Live the good life on the amalfi coast
Live the good life on the Amalfi Coast
11 October 2011 | By Alex von Tunzelmann, Lonely Planet Magazine
The Amalfi Coast has long been famed for its beauty and glamour – now discover a whole new side to the region with a countdown of its 12 best local experiences.
12. Make the perfect gelato
In AD 27, the Roman emperor Tiberius moved to the island of Capri. He spent the next 10 years just off the Amalfi Coast – a natural paradise of secluded beaches and towering cliffs. The region has been a favourite destination for visitors to Italy ever since. Overdevelopment has been restricted by the coast’s narrow roads and tightly packed medieval towns. As a result, the Amalfi Coast has kept its character: warm, open and quintessentially Italian. And what could be more Italian than gelato? At the Gelateria David in Sorrento, owners Mario and Carmela Gargiulo make 130 flavours of ice cream – and teach others how to make it too. In their workshop, students blend cream, sugar and egg yolks with fresh fruit. Mario only uses seasonal produce, so the flavours depend on what’s at the market that day: almond and lemon zest, or tomato and basil. They even do zuppa inglese – an English trifle gelato. (Gelateria David, Via Marziale 9, Sorrento; tasting classes £8; 00 39 81 8073649)
11. Learn the secrets of limoncello
In the terraced groves outside Praiano, Valentino Esposito picks large lemons from a tree. Most are the size of two fists, and weigh heavily on the slender branches. ‘You can have lemon with meat, with fish, with ice cream – even just half a glass of lemon with half a glass of water is delicious,’ he says. The highlight, though, is limoncello, the region’s traditional and much-loved lemon liqueur, usually served as an after-dinner digestivo. Valentino’s limoncello is so well-regarded that chefs Jamie Oliver and Gennaro Contaldo are long-term admirers, and he sometimes hosts picnics for them in his lemon groves. Back at his small artisan factory, Il Gusto della Costa, Valentino brews some lemon coffee: dark espresso with two thin slices of peel in the pot. Two assistants pour vibrant yellow liquid into glass bottles. ‘For limoncello, you only use lemon peel with no white pith on it at all,’ Valentino explains. ‘The white makes it bitter. The peel must infuse for three or four days in alcohol, then we add a syrup of cold water and sugar. Only four ingredients. The bright colour is natural. In September or October, when the lemons are green, the limoncello is green.’ A sip of the yellow stuff is a revelation. It is thick, sweet, potent and full of the fresh, zingy flavour of the Amalfi Coast’s most famous fruit. (Il Gusto della Costa, Via Gennaro Capriglione 24, Praiano; 00 39 89 813048)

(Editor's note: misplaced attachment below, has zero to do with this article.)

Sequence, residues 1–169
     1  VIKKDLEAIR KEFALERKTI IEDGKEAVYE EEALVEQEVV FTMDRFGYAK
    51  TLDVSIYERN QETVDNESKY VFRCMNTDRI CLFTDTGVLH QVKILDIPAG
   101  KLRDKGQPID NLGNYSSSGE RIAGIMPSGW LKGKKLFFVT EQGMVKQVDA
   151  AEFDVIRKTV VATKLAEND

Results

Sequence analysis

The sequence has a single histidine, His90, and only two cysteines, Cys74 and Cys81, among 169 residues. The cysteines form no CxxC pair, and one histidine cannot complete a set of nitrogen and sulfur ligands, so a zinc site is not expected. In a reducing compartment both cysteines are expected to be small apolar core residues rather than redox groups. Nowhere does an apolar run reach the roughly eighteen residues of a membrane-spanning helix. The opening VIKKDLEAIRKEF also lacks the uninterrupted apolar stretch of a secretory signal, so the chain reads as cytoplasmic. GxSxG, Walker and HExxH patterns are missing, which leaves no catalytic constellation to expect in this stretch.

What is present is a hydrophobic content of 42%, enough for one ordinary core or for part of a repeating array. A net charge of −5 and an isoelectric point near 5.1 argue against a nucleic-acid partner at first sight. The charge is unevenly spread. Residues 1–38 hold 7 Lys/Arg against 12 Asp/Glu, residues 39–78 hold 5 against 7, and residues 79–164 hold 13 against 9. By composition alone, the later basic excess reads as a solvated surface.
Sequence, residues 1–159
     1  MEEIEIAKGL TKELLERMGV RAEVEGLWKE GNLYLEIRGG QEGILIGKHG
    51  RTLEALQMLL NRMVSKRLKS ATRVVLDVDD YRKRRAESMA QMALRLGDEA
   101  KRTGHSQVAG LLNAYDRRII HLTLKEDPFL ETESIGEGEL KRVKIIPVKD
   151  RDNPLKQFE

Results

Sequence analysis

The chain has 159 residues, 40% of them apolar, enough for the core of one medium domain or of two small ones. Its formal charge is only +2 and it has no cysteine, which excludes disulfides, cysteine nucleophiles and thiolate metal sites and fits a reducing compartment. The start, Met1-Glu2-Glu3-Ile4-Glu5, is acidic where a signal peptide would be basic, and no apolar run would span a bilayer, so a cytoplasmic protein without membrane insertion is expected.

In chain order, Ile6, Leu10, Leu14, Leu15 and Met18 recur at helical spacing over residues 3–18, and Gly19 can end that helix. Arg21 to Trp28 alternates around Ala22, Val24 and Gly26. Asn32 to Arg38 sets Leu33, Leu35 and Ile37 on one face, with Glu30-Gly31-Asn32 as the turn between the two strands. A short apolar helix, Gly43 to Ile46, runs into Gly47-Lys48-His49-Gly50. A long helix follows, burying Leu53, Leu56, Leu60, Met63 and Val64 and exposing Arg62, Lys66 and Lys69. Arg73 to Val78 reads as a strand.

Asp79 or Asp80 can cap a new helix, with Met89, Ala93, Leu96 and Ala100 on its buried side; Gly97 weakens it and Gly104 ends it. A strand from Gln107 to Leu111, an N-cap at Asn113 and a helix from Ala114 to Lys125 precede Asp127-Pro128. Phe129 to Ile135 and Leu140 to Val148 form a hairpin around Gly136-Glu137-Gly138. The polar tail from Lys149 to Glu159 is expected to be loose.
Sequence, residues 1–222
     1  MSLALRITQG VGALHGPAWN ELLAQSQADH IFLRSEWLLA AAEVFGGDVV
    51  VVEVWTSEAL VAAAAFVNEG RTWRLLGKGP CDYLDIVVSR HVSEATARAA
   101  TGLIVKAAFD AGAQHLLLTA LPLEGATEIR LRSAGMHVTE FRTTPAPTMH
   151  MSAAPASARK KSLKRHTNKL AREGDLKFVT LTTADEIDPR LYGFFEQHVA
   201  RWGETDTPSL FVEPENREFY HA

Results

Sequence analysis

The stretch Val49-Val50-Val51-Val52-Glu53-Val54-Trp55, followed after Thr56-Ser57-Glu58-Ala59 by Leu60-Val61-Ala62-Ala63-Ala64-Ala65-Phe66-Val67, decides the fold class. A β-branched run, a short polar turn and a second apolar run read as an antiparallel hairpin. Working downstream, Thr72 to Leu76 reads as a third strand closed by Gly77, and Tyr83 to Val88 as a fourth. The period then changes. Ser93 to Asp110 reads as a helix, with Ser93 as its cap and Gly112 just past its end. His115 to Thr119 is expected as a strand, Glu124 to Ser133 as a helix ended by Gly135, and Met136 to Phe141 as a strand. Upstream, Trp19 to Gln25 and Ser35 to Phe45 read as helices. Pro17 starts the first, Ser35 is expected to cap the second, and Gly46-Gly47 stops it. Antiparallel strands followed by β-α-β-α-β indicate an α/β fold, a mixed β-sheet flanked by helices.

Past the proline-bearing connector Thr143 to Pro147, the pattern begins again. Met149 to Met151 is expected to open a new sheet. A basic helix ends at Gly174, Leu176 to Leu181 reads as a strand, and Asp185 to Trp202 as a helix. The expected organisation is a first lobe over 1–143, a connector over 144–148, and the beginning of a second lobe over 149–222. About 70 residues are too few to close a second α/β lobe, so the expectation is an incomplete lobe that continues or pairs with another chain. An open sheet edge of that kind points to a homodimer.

10. Shop like Jackie O
When Jacqueline Kennedy Onassis visited the island of Capri in the late ’60s and early ’70s, she packed light. Once there, she would drop into La Parisienne and buy 12 pairs of Adriana di Fiore’s famous Capri pants. Today, Adriana still works in the boutique established by her family more than a century ago, which is situated in the corner of Capri’s main piazza. Jackie O’s favourite slim-fitting trousers are made by hand in the workshop, along with a range of clothes in a distinctive Caprese style: bright colours, flowing cuts and jewelled detail. In the last few years, more international labels have muscled out many small-scale Caprese designers and artisans. Yet Adriana and her daughter Francesca stood firm, and are proud to support local talent.